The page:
In a recent story, Fox 13 News reported that, according to UHP officials, DUI arrests are up 40 percent in Salt Lake County between 2008 and 2009. Now, that’s a lot! However, the most interesting quote in the story seems to be that “The UHP said its numbers are for arrests only and do not track convictions or aquittals.” Are there really that many more people drinking and driving? Or is something else behind this dramatic increase in DUI arrests? Could it be that UHP is arresting more innocent drivers and charging them with DUI?
Over the past year, our office has seen an increased number of what I refer to as “close-call arrests”—and more flat-out bogus arrests. Just within the past couple of months, I have had two DUI cases dismissed on the basis that the UHP trooper who made the DUI stop lacked a reasonable justification to do so. In one case the arresting trooper claimed to have made the stop on my client because she allegedly failed to signal when moving into a right turn lane; however, the video from the trooper’s on board video camera revealed that the client’s signal had blinked at least five times before she ever moved to the right turn lane. That case was dismissed by the prosecutor without even having to argue the motion to suppress we had filed. In another case the trooper claimed that my client had been weaving significantly within his lane, had crossed over the dotted line by over a foot, and then failed to signal before making a move into the left-hand turn lane. Once again the video revealed otherwise. The video in this case clearly showed that my client’s vehicle was not weaving, as the trooper had described, never crossed the fog line, and the driver’s signal had blinked at least four times before he moved into the left turn lane. In the words of the Judge, “I’m just not seeing any violations here.” The Judge then granted the motion to suppress, and the case was dismissed.
Thankfully for both of these clients, the new digital recording systems being installed in most UHP cruisers have the ability to go backwards and capture approximately 20 to 30 seconds worth of video prior to the officer turning on his overhead lights, which activates the camera to start recording. In my opinion every police officer should have a video camera in his patrol car, and the video should run the entire time the officer is on shift. If the officers are doing their job correctly, they should have nothing to hide. And it would protect both innocent drivers from illegal traffic stops and arrests, as well as provide the officers with airtight evidence to support their actions (if they are supported by the evidence in the first place).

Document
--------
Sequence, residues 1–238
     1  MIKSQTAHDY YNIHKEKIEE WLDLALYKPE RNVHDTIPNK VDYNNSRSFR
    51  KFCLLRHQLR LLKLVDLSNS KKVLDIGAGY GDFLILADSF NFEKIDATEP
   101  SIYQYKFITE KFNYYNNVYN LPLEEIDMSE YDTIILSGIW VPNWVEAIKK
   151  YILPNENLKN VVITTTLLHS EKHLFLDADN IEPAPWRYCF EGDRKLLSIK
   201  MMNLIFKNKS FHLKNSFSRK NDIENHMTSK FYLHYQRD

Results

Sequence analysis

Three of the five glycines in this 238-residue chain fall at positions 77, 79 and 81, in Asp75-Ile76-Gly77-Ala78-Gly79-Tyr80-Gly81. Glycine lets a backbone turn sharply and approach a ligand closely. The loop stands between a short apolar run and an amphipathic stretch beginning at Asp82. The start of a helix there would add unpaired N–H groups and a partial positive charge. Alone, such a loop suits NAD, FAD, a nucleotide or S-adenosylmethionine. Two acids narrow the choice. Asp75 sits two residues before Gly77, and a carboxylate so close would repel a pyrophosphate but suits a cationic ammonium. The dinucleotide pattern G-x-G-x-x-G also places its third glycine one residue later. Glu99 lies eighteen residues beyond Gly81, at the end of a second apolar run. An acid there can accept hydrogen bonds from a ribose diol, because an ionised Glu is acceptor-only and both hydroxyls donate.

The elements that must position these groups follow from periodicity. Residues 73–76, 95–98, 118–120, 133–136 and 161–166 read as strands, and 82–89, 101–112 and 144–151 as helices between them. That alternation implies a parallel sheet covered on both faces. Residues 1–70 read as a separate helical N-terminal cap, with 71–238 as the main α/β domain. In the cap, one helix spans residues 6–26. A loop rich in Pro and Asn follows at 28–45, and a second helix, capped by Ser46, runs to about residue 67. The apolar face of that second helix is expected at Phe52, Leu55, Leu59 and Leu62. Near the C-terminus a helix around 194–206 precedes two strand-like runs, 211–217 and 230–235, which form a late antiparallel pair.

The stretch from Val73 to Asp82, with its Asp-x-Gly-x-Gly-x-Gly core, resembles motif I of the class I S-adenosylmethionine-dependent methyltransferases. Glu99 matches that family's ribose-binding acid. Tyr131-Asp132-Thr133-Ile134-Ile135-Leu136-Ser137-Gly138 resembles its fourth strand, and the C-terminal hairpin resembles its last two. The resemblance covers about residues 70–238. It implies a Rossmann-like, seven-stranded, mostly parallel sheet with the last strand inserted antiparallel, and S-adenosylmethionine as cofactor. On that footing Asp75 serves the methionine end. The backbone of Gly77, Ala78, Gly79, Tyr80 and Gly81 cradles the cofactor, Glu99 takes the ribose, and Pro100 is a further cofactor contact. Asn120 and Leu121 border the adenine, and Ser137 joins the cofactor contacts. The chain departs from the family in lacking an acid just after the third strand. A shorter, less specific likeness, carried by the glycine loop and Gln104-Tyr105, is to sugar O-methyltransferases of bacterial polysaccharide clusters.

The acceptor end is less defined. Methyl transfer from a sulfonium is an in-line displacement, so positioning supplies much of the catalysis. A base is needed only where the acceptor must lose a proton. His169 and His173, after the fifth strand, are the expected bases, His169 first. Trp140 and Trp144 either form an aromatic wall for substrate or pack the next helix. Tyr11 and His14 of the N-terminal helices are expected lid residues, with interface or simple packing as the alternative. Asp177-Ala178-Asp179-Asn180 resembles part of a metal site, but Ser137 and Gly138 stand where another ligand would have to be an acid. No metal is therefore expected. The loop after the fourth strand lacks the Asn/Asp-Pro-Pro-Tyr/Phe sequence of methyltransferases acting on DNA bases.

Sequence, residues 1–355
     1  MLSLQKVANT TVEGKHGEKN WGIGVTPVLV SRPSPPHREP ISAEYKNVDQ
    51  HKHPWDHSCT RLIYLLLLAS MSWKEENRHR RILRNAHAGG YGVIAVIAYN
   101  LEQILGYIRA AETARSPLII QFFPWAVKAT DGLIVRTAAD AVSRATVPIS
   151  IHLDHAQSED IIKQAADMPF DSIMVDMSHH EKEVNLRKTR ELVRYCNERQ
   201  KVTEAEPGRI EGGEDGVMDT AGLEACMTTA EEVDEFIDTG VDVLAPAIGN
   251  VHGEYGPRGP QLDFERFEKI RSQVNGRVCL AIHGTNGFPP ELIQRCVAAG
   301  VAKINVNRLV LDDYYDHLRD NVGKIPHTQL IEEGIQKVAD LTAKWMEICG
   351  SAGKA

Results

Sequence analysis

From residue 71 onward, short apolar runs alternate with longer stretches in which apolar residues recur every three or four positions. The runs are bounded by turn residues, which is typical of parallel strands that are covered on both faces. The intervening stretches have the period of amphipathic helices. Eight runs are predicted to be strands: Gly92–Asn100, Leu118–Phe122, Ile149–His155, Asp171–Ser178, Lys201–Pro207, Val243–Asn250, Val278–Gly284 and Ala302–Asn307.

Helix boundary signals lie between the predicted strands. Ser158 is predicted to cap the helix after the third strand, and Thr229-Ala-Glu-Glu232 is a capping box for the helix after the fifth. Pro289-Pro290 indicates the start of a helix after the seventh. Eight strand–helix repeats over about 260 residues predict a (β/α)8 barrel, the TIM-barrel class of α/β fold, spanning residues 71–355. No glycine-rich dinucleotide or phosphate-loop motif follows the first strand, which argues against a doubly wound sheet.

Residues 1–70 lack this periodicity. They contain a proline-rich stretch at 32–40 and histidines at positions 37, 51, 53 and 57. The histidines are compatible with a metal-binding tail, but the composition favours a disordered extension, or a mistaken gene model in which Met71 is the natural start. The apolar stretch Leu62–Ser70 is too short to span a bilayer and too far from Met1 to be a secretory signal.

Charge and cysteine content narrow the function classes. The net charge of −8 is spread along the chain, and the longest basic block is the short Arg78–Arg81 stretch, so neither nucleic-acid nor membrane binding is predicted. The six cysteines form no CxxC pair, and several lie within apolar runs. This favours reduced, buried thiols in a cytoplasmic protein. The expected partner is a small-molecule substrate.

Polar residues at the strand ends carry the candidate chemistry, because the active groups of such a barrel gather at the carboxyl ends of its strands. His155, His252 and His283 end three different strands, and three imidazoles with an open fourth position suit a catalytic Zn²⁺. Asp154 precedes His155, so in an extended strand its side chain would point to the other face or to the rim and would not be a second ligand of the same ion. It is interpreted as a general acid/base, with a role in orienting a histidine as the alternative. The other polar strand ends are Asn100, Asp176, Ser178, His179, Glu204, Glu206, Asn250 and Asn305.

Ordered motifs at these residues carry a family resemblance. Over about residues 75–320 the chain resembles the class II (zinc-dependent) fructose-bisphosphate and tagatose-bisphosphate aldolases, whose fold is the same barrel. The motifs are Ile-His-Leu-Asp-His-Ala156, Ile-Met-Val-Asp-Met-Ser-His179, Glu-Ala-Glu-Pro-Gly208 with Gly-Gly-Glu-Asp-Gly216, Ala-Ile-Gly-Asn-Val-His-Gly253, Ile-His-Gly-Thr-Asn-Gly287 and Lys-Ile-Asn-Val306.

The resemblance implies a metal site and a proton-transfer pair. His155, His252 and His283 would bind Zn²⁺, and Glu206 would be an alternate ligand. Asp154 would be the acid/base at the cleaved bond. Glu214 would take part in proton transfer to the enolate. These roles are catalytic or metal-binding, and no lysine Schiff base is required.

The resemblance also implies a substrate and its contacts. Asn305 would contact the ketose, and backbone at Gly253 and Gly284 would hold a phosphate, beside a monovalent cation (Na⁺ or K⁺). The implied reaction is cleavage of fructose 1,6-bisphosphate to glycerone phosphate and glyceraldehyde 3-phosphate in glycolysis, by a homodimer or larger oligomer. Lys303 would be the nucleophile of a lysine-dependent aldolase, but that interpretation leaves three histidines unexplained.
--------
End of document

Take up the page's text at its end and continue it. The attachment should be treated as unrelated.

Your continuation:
According to my research it costs approximately $5000 to install a video camera in a patrol car. Many police departments claim that the reason they don’t have video cameras in patrol cars is that they don’t have the financial resources to install and maintain them. But in reality, the installation of video cameras would save money in the long run by avoiding costly litigation in many cases. For example if a video of an arrest prevents one single case from going to trial—either because the prosecutor can see that the officer made a mistake or the defendant can see that the video will not help his case—by avoiding one single jury trial, the camera would most likely pay for itself by the time you calculate the cost of the court, the judge, the clerk, the 25 or so jurors, the prosecutor, and overtime for the police officer to conduct the trial.
More important than the cost savings benefits that result from the use of videos in law enforcement vehicles is the prevention of innocent citizens being arrested and sometimes convicted of crimes they did not commit.